Payday loans don’t have credit scores or debt-to-income ratio requirements. Fewer requirements make funds easier to obtain, but you should only consider payday loans as a last resort if you need fast cash. They come with steep interest rates, sometimes triple digits, and are often due by your next payday or within two weeks of taking out the loan. And if you’re unable to remit payment on the due date, you’ll rack up even more fees. You could end up paying more in fees and interest than the loan’s original value. A short-term working capital loan is the better choice. This loan helps you cover immediate expenses without the fees and high-interest rates you’ll find with payday loans.

Co-signed Loans

If your credit score isn’t up to par or you’re new to the business world, a co-signer could strengthen your chances of getting approved for a personal loan. While it’s not allowed by all lenders, a co-signed loan may be a viable option to secure financing with competitive terms since the lender will have the reassurance that a second party is responsible for the loan if you fall behind on payments. The co-signer inherits a significant risk since they become responsible for the loan if you can’t make payments. You’ll have to find someone who trusts you enough to incur that risk, and even then, you should explain to that person how you will keep up with monthly loan payments.

Equity Financing

Equity financing is a strategy that turns a percentage of your company into cash. You can sell a position in your company as if it were a stock. While you will have to give a percentage of revenue to your equity holder, and the position will get more expensive to buy back as your company grows, someone else will become invested in your company. Some equity holders will help promote your company and help you explore new opportunities.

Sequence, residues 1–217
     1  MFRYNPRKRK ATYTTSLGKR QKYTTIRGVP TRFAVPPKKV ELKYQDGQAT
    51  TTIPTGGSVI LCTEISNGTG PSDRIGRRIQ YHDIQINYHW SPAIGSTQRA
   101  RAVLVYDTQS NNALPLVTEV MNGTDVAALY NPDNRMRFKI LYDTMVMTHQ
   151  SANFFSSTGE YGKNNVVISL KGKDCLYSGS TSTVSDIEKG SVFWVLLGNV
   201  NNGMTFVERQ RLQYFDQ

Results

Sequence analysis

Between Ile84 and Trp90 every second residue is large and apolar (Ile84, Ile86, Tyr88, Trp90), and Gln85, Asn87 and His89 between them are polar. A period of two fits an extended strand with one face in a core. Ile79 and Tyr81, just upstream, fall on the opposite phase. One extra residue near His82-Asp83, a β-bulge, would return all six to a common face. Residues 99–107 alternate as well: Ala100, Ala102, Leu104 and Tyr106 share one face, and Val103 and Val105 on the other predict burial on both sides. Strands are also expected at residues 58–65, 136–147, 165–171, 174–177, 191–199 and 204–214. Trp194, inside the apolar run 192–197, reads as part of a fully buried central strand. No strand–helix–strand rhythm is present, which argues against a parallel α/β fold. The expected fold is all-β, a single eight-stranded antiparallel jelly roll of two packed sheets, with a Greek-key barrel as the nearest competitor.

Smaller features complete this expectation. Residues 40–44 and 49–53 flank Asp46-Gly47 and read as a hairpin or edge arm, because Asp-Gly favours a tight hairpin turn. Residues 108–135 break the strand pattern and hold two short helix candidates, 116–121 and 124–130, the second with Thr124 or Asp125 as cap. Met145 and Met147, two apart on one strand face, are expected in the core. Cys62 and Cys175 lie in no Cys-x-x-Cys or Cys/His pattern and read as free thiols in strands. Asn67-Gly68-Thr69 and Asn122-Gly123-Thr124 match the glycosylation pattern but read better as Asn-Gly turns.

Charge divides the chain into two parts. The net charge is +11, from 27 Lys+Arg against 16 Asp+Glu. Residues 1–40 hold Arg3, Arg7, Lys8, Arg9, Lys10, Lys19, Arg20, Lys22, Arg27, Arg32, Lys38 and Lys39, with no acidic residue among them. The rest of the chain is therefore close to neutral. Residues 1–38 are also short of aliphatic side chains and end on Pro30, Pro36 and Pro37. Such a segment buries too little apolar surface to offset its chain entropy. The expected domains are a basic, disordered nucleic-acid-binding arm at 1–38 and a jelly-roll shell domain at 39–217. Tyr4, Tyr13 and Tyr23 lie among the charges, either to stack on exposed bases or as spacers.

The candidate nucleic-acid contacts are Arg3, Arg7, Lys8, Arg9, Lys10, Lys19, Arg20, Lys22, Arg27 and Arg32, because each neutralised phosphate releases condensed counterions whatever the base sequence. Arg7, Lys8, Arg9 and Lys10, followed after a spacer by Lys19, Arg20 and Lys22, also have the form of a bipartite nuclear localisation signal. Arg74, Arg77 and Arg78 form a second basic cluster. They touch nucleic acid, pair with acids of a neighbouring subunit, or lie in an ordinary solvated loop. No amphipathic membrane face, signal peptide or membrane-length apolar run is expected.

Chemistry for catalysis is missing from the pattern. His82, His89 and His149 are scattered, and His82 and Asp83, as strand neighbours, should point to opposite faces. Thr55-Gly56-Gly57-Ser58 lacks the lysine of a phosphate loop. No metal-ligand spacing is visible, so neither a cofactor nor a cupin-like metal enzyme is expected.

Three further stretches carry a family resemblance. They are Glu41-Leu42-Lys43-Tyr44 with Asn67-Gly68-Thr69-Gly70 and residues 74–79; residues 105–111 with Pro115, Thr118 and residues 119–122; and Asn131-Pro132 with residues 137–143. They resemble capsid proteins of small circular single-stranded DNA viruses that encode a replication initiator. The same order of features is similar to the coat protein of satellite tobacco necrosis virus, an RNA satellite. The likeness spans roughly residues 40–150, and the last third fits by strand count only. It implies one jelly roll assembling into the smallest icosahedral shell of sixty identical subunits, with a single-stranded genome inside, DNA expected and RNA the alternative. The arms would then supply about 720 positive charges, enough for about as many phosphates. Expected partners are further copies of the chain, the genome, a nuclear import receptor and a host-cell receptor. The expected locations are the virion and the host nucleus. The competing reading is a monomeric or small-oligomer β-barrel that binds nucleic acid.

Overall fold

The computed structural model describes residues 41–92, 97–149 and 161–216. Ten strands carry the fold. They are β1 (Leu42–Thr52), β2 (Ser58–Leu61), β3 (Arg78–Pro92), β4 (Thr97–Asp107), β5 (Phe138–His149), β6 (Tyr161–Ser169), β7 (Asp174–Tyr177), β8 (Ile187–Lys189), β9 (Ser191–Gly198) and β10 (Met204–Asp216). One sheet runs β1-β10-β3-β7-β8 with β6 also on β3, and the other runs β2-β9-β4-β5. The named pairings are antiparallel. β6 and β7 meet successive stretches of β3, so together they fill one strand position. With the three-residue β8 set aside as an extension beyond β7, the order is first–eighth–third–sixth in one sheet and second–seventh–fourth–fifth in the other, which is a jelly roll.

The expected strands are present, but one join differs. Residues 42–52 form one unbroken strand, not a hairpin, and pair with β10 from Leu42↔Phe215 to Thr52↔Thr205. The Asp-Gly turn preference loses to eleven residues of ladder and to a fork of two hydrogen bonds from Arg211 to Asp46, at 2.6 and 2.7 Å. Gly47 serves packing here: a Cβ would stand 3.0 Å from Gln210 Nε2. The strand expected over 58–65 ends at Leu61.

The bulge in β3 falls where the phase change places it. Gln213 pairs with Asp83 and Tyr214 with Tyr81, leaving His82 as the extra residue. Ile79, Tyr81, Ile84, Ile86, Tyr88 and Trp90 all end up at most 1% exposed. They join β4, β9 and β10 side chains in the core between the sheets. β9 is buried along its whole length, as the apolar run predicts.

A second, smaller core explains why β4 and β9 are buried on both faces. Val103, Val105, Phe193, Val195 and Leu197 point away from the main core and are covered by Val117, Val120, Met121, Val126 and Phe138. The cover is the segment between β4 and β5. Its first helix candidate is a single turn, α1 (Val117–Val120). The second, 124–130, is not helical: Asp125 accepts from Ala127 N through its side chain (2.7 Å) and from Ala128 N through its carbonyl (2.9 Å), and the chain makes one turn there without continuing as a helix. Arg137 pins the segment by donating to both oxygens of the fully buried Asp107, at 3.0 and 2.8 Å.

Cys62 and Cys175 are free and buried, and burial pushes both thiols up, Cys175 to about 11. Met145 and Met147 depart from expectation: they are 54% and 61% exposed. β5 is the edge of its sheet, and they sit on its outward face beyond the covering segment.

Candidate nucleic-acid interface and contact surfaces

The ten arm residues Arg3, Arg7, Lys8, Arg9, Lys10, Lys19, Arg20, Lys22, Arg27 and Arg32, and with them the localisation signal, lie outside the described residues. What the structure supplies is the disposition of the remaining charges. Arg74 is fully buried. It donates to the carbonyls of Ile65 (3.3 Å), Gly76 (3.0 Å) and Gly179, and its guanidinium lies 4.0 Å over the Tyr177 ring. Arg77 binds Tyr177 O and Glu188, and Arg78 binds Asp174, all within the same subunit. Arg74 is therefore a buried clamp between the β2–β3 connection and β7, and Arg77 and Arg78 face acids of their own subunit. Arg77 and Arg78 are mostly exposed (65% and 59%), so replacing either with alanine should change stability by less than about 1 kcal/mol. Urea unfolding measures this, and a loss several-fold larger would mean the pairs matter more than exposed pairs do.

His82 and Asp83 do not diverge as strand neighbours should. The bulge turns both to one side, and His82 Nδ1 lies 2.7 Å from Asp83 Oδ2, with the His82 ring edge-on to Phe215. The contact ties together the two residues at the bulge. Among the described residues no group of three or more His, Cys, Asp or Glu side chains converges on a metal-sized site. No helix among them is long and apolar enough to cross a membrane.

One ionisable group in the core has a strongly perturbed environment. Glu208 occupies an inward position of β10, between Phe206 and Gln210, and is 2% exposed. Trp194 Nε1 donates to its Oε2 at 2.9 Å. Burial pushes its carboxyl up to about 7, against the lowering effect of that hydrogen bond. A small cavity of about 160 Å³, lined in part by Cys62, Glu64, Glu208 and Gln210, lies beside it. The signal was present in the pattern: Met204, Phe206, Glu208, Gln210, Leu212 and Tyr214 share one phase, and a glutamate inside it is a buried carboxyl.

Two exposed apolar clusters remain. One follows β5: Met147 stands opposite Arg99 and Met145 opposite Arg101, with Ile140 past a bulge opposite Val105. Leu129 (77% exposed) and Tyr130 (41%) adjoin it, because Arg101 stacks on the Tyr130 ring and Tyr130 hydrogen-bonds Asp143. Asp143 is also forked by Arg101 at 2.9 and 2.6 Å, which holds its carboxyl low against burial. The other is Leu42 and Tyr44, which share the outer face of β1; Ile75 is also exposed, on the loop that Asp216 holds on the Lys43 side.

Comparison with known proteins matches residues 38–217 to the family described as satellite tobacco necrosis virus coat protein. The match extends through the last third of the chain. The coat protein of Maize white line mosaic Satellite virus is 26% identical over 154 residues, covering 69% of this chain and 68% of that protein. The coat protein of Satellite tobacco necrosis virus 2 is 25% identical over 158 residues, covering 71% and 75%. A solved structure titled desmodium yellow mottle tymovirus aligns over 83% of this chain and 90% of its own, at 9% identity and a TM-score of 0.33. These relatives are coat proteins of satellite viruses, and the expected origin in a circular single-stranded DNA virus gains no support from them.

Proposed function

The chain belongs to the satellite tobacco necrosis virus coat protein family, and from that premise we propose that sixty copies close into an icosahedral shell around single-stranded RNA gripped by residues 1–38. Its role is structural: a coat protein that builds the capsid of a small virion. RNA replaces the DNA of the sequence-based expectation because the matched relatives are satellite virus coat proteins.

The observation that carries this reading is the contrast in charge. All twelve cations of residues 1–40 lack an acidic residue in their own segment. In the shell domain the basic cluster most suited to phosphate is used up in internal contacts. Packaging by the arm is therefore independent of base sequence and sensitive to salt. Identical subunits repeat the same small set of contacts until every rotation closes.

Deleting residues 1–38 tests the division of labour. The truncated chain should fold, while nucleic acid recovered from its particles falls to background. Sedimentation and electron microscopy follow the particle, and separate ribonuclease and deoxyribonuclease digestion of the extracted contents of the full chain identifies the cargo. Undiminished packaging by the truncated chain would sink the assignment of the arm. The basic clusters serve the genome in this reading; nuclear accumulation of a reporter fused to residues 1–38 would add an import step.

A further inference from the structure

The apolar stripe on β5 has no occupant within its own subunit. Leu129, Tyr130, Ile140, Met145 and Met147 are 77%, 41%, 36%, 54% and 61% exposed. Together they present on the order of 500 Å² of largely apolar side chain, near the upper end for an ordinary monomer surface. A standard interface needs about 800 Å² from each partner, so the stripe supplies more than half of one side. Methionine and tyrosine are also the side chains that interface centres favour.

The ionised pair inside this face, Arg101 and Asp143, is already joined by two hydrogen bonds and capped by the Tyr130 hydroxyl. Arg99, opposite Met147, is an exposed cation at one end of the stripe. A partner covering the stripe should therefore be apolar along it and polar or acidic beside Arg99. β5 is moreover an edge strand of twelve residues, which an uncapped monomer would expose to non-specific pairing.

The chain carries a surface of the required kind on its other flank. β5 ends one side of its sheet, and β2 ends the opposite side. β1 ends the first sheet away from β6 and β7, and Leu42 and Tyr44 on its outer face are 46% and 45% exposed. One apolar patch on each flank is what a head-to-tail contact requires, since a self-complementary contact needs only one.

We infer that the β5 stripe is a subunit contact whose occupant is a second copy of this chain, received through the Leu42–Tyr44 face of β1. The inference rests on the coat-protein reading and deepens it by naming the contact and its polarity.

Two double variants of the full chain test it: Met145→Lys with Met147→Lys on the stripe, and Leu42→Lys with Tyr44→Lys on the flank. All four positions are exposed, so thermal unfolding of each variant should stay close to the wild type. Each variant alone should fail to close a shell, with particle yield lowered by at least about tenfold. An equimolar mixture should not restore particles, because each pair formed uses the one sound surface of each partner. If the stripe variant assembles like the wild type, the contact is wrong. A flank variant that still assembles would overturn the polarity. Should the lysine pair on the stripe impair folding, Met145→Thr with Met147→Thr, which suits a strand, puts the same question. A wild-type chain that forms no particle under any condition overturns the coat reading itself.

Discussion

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Home Equity Loans Or Cash-Out Refinances

Do you have a sizable amount of equity built up in your home? You can convert a portion of it to cash through a home equity loan or cash-out refinance, and the cost of borrowing on these loan products could be low. While you’ll get a low rate, your home becomes collateral, and a cash-out refinance or home equity loan will increase the pressure on your finances. You will risk foreclosure if you fall behind on payments. Collateral reduces your risk, but not everyone feels comfortable using their home as collateral for another loan.